Little Fires Everywhere
Nothing is left to chance in Elena Richardson’s life. Her family has lived for generations in Shaker Heights, a planned community outside of Cleveland, Ohio. And Elena has spent her adult life meeting the goals to match her life to the Shaker Heights model: marriage, career, beautiful home, and children. Raised in affluence and taught to help others, she makes a point of being generous.
Mia Warren and her teenage daughter, Pearl, live the opposite way. Low on money, they move from town to town where Mia waits tables and works on her art. When she needs new inspiration, they pack up and leave. But this time, Mia is determined to give Pearl a more grounded life.
The story is set in the 1980s and begins with a Richardson family crisis. Then Ng rewinds to explain how it all began:
It seems like the perfect arrangement when the Warrens move into the Richardsons’ subsidized rental. But the threat of change looms as their lives intersect. A fast friendship develops between Pearl and Elena’s son, Moody, and Pearl is soon fascinated with the Richardson family, believing Elena is the consummate mom. Elena’s kids are equally drawn to Mia, who shows them a different kind of parenting.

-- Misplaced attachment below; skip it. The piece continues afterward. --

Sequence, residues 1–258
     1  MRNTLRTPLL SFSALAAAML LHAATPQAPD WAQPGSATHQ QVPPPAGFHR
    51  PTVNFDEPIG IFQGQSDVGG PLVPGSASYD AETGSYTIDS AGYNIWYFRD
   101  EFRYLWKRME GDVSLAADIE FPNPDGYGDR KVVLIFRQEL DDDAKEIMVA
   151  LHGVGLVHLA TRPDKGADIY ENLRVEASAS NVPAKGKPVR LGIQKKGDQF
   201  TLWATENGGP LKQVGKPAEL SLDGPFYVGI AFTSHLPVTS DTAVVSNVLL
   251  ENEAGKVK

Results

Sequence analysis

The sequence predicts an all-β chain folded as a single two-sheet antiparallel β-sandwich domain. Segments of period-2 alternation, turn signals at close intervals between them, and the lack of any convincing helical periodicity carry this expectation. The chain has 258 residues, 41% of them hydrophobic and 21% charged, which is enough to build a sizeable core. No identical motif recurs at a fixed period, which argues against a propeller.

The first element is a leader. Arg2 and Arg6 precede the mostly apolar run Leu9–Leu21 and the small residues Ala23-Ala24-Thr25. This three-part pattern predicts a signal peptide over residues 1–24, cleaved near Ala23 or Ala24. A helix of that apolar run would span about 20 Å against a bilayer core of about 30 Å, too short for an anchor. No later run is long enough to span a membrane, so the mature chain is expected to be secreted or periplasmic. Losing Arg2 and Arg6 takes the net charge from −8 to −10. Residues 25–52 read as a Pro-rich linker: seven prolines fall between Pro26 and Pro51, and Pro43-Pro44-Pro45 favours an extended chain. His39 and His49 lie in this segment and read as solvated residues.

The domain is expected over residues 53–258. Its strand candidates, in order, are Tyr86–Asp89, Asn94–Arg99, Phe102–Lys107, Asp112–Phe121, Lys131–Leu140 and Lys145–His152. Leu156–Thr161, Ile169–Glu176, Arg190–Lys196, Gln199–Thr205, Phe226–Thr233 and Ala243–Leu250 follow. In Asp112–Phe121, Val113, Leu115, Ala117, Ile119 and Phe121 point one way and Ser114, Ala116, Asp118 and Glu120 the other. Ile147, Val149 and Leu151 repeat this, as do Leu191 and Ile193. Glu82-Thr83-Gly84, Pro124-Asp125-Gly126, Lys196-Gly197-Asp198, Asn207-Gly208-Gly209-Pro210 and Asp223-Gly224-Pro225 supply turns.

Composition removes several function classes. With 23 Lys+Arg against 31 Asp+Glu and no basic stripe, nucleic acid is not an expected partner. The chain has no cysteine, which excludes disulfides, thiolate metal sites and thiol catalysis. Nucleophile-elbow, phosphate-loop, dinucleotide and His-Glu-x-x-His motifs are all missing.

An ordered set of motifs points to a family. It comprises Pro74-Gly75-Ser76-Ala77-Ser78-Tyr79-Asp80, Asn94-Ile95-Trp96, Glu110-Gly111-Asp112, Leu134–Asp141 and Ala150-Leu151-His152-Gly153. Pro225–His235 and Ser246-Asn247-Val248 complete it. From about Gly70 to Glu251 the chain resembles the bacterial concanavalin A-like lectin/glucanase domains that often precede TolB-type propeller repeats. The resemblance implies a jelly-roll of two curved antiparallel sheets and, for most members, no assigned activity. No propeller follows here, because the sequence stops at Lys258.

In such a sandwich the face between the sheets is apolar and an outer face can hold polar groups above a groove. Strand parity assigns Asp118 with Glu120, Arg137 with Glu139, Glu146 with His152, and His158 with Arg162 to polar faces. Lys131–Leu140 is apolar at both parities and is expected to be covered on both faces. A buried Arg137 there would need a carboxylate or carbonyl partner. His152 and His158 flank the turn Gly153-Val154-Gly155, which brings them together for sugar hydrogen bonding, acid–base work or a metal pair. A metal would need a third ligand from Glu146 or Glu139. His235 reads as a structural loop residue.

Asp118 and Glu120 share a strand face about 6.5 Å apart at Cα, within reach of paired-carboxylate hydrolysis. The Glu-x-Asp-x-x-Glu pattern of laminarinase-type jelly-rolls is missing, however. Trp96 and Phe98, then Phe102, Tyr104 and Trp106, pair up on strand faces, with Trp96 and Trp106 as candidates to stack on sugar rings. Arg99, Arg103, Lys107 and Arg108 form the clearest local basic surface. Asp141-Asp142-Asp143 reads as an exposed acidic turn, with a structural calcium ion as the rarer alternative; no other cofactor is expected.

The kids can’t articulate these differences, but they form the slow-burning backdrop to the biggest story in Shaker Heights—an intensely debated adoption case. The baby is one-year-old Mirabelle McCullough, or May Ling if you ask her birth mother, Bebe Chow.
As the judge’s hearing approaches, the town takes sides and the question of motherhood figures into all of Ng’s characters. The McCulloughs are sure they can be the best parents to baby Mirabelle, but doesn’t Bebe Chow deserve to have her daughter?
Several side stories between the Pearl and Richardson kids highlight the intensity of high school years in which friendship, romance, hormones and fitting in figure prominently. Ng includes plenty of sibling rivalry to reveal the complicated dynamics in the Richardson home.
In addition to motherhood, Ng questions the motives of Elena’s good works and asks, “What is the best way to live?” Throughout the story are themes of sacrifice and life choices. Readers will see how some of her characters figure it out and wonder what fares for others.
I highly recommend Little Fires Everywhere. It’s a terrific story of complicated family dynamics. You’ll want to read it all at once to know how it works out!
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